Visiting Italy, there are some things you may expect to find. Great food, top wine, amazing historical architecture, wonderful fashion, some of the world’s best artworks and statues, and of course, Italians.
But visit Italy in August and you may be forgiven for thinking you’ve landed in the wrong place. Where are all the locals?
In August, mid-Summer, when temperatures rise, Italians generally have a mass exodus from their cities and towns to head for cooler locations such as the mountains or the seaside.
But what about the fact that it is also the busy period for visitors to Italy who are keen on experiencing Italy for themselves? Ask an Italian, and they may answer with just a deep shrug of the shoulders, hands upturned mid-air.
For most people, the best time to visit Italy is probably May and June, when the temperatures are not too high. July is good too if you are used to the heat. On the other side of the mid-summer break is September and October, also great times to visit Italy. Towards November and things start to cool down a little, except in the kitchen where some great hearty dishes start to appear on the menus. From December through to February, it’s lovely to be in Italy if you want to experience the quieter period of the Italian calendar, but do expect that many activities are just not operating during the low-season time. We’re now back to March-April when the weather begins to defrost a little, and activities begin to recommence for the season.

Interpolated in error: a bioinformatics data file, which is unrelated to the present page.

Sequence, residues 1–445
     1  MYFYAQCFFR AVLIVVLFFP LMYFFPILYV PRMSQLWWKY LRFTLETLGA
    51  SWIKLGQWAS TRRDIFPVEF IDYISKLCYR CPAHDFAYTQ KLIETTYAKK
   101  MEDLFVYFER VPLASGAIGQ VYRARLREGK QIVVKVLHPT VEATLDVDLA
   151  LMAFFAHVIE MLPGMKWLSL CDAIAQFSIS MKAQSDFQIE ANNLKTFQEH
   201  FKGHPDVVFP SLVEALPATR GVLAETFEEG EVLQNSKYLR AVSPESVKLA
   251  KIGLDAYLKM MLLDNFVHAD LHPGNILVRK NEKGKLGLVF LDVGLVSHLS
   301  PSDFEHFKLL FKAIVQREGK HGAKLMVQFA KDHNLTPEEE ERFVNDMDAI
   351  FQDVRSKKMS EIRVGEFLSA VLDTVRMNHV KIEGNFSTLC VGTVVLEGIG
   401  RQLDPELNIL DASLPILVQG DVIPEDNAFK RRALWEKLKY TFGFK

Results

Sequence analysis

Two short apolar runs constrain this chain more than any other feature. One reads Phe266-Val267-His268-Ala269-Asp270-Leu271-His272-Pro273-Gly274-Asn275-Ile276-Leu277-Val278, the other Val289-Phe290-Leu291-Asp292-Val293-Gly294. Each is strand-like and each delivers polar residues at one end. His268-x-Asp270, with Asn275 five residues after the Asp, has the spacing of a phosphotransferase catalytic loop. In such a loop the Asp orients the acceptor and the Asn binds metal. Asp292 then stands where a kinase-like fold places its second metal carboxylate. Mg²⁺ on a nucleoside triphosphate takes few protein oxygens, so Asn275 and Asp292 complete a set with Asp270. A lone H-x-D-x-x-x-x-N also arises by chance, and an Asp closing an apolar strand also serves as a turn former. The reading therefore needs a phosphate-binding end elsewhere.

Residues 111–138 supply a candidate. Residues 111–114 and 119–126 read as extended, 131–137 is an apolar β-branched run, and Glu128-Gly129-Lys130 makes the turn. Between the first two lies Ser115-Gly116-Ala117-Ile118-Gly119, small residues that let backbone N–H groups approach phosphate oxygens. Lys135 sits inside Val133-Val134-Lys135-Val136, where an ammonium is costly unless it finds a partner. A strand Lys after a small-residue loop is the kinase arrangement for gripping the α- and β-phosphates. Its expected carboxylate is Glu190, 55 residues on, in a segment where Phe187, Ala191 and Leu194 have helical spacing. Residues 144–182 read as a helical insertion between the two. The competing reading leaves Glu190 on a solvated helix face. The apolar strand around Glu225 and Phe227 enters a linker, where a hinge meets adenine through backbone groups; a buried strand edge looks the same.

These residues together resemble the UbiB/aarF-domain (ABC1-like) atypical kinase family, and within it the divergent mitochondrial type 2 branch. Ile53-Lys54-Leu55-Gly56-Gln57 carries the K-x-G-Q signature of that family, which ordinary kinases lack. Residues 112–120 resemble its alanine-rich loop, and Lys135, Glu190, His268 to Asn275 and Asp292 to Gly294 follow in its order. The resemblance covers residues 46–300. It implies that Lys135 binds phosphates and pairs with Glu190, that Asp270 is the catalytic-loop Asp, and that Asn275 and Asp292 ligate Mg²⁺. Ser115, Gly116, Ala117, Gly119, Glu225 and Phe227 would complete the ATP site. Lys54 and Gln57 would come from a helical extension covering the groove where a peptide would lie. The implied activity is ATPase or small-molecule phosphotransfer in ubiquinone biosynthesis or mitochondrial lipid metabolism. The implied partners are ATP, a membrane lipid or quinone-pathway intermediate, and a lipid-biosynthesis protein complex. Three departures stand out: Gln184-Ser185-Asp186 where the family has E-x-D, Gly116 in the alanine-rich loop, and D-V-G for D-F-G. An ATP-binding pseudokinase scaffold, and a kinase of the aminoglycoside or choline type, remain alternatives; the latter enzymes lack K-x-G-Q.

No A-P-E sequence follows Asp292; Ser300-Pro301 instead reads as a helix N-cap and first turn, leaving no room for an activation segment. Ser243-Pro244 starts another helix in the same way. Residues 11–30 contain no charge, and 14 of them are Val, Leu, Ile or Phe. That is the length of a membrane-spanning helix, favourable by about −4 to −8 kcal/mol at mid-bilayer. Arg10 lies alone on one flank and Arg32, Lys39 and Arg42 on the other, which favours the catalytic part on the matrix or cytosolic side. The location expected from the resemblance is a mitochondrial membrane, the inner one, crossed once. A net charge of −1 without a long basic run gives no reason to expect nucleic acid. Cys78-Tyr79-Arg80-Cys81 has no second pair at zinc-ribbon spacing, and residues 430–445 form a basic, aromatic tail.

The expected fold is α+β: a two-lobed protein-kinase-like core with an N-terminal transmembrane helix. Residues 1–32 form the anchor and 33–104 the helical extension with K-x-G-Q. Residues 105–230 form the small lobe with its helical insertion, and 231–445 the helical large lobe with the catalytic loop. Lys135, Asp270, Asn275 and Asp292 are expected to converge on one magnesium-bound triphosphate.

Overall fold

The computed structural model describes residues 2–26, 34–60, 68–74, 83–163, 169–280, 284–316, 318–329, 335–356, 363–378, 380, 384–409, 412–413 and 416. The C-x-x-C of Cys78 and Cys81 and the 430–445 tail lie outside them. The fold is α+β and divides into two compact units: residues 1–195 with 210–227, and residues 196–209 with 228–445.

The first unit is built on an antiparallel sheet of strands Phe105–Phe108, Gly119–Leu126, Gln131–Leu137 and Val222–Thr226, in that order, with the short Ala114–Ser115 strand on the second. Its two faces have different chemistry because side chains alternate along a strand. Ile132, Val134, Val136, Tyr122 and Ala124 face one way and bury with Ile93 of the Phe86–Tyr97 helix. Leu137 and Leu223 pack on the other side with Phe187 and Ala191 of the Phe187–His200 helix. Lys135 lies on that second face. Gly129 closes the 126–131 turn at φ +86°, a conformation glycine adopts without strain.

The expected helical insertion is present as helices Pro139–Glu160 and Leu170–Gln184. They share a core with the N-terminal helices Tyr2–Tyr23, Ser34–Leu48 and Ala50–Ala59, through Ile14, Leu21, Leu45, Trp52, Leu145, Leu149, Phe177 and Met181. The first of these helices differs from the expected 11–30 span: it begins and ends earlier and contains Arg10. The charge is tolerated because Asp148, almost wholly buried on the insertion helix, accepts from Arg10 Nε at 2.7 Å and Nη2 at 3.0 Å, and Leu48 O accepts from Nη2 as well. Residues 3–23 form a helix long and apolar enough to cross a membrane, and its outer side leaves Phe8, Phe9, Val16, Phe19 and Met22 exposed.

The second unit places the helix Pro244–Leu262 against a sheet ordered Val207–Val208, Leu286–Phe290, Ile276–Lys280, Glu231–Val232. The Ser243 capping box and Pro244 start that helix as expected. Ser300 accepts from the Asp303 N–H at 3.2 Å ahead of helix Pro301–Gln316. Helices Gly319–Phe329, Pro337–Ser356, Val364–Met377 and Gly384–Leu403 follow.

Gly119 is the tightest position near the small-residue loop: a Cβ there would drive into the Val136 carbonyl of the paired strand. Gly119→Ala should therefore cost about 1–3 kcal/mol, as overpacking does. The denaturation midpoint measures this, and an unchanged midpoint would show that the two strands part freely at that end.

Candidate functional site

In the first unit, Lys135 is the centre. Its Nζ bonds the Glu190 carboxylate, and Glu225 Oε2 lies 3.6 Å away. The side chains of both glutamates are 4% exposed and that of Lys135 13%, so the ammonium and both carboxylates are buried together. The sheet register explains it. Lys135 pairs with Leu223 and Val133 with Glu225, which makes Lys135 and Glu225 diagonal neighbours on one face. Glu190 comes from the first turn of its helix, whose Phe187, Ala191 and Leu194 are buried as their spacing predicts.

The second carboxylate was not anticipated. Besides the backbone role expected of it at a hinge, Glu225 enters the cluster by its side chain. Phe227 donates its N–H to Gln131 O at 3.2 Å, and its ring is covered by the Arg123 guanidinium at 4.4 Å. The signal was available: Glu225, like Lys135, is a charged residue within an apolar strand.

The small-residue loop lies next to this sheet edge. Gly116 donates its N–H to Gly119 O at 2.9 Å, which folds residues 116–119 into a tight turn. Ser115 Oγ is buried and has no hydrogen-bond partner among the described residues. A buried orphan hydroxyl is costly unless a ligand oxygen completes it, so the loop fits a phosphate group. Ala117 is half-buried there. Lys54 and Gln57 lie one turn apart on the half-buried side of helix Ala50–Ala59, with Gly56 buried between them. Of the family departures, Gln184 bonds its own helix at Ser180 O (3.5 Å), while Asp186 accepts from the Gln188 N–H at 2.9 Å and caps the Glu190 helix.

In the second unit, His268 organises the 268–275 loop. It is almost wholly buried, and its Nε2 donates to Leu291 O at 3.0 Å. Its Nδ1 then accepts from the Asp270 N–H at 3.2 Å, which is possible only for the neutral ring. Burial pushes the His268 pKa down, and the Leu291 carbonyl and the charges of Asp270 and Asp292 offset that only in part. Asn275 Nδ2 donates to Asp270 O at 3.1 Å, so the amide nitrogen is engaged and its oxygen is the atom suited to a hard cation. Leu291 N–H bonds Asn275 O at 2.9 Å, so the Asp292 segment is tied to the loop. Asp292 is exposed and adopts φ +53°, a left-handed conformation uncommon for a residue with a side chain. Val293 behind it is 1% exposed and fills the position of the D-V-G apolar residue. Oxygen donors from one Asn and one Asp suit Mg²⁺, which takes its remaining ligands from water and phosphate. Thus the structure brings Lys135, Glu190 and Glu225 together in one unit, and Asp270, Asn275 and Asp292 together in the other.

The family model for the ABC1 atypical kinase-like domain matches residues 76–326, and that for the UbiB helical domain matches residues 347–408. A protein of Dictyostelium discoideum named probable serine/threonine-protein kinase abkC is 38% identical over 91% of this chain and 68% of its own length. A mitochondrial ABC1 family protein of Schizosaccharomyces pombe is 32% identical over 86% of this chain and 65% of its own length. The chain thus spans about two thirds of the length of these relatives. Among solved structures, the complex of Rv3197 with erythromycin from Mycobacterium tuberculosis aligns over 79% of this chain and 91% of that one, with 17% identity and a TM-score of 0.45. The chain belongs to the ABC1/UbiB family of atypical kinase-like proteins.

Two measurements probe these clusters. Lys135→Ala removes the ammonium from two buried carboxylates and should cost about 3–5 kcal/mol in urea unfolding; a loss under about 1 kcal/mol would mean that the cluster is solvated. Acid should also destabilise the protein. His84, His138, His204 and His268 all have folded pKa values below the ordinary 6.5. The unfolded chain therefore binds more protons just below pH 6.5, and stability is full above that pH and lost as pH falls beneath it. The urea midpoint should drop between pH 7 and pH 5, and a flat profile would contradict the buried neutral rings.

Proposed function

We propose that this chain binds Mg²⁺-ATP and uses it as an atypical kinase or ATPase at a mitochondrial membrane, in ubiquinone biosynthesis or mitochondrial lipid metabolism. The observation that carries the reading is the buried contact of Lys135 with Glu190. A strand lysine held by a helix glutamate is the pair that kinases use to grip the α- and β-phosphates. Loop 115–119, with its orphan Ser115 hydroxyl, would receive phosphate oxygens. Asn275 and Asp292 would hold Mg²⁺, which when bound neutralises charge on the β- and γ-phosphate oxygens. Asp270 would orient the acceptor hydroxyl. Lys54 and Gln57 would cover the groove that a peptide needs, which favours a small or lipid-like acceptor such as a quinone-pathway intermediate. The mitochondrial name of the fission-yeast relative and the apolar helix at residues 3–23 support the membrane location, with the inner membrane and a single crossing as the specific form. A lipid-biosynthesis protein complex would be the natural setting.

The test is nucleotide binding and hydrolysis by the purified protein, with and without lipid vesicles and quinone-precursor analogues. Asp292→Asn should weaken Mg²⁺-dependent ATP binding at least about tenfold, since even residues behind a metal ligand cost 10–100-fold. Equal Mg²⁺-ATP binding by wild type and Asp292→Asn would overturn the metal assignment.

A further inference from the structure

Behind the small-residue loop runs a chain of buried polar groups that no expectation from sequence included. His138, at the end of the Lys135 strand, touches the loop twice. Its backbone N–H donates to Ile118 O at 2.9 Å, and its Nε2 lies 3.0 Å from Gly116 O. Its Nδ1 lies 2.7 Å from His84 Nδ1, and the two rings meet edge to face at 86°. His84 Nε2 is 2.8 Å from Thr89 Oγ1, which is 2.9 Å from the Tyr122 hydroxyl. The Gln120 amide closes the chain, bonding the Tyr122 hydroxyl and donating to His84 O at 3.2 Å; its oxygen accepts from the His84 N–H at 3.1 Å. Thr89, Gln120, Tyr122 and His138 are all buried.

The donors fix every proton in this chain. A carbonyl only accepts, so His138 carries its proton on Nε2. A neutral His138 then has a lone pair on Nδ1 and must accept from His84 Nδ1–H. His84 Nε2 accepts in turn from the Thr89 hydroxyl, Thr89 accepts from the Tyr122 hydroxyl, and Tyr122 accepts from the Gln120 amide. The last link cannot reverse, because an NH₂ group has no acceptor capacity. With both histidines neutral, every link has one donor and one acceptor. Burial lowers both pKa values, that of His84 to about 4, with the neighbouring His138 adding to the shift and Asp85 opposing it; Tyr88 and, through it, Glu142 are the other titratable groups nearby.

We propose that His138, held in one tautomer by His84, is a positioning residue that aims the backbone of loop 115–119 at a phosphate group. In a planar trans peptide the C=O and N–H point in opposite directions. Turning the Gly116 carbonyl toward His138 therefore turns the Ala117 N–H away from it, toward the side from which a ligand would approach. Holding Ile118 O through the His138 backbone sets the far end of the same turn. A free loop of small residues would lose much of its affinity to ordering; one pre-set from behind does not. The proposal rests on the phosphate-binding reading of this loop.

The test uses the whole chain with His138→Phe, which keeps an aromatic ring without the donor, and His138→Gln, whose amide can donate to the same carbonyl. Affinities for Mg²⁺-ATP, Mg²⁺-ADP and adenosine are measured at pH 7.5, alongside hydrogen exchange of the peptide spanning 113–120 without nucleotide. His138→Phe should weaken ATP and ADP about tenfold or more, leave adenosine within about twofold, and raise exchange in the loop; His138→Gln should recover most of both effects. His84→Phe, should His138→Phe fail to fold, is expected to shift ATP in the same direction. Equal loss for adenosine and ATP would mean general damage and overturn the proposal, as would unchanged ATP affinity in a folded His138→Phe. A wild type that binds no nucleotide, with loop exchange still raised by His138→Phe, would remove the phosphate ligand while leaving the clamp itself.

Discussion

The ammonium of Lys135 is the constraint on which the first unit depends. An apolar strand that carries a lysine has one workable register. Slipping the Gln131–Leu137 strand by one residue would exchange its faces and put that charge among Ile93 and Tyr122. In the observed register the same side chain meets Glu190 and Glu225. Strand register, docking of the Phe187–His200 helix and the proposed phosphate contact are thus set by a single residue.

But back to August. Many services are not available, many stores close, transport goes onto reduced summer scheduling, and it may not be as easy to do all the things you may like to during your time in Italy.
If you do decide to experience Italy like a local and head to the nearest beach, you can either choose to utilize the free beach space each coastal council has, or else to pay from around 20 euro per person for use of deck chairs and umbrella, and the beach-side bathroom and shower facilities. Italians use these facilities to ensure they leave the shores looking as pristine perfect as they did before arriving. There are also quaint little beach huts occasionally available for rent to store valuable items.
There are also some swimming pools in Florence and other great ways to take a dip to cool off.